Radiological Planning and Animal Agriculture

Guest blogger Curt Emanuel is County Extension Director in Boone County, Indiana. He is also an EDEN delegate representing Purdue University.

angus cross beef steers feed on grass on a ranch in northeastern Texas

Are you a livestock owner located within 50 miles of a nuclear power plant? Is there a site nearby where radiological materials are stored or manufactured? Is your farm near a highway or railway over which nuclear materials are transported? Are you near a nuclear waste storage facility, nuclear weapons complex, or shipyard where nuclear-powered vessels are docked or serviced? If you answered yes to any of these questions, then planning for a radiological incident should be part of your farm’s emergency plan.

Many people, on hearing the word, radiation, have visions of a nuclear holocaust. However, a radiological incident from a domestic source will most likely be a low level release involving contaminated airborne particles. The landscape will not begin to glow, your hair will not begin to fall out, and you won’t suffer immediate radiation sickness. But this does not mean this type of release poses no hazard. You should still protect yourself and your family and, if you own livestock, you should protect your animals.

The United States Nuclear Regulatory Commission (U.S. NRC) is the lead agency for planning for a radiological emergency. In cooperation with other agencies, the U.S. NRC has developed a series of steps, known as protective actions, which livestock owners may be instructed to take in case of an incident. Knowing what these steps are and making sure you are able to perform them is the key to developing your emergency plan.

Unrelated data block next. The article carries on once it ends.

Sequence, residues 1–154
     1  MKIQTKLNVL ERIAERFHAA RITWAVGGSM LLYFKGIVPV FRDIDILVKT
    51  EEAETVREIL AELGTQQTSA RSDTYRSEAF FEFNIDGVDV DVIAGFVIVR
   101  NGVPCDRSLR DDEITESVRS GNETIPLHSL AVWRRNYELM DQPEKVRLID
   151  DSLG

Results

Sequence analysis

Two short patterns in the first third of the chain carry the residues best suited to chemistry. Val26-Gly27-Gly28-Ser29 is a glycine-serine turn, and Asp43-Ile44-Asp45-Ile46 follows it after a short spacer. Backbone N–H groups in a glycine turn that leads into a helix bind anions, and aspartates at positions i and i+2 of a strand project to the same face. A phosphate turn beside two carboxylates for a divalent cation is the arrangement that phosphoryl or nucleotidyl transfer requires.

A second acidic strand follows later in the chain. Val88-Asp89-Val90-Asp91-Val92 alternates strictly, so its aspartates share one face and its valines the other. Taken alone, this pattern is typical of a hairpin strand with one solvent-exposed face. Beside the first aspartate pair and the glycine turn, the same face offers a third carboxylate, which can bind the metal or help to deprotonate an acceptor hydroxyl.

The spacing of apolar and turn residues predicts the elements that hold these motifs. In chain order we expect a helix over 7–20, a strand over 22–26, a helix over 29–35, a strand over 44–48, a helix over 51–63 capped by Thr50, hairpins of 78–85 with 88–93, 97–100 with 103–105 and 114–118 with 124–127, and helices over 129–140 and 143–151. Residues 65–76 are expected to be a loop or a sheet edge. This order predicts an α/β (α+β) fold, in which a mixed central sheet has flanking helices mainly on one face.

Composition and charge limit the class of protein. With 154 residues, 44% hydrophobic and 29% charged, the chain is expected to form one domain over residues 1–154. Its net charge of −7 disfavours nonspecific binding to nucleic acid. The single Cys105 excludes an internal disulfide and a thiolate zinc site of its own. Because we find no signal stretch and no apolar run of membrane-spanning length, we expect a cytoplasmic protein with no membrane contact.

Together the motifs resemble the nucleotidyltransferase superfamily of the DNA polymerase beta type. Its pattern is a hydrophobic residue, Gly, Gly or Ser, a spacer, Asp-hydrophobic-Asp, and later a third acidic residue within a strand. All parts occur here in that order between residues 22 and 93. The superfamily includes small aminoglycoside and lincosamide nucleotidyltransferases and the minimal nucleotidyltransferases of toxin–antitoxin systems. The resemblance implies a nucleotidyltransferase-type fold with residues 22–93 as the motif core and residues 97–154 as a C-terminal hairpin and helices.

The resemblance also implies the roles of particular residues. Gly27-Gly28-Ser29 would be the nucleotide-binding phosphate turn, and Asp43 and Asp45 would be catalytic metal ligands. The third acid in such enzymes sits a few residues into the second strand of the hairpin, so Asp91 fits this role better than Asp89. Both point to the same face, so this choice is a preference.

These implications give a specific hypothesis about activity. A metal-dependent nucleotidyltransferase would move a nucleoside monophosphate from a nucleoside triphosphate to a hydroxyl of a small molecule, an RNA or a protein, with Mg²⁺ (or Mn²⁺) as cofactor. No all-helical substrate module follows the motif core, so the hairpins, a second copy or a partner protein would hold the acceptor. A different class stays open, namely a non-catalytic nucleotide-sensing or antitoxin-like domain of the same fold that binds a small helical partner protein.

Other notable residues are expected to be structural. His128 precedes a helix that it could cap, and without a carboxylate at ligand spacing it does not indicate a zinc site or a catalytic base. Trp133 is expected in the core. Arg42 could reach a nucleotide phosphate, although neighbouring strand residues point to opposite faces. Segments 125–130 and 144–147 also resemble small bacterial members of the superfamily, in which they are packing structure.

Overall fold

How to Protect Your Livestock

Protective actions for livestock are designed to keep the animals from getting radioactive materials in them, through inhalation or ingestion, or on them. If a radiological incident occurs you may be instructed to:

  • Bring your animals in to shelter
  • Only feed and water animals from protected sources
  • Restrict grazing on pasture
  • Reduce the ventilation in your livestock barns to prevent radioactive particles from entering buildings
  • Cover any unprotected feed and water sources

There are many resources available to help you develop your plan. States with a nuclear power plant have instructions on what to do in a radiological event, including information specifically for owners of livestock. Even states without a nuclear power plant have plans to address radiological emergencies. Check with your state Emergency Management Agency, Health Department, or Department of Agriculture.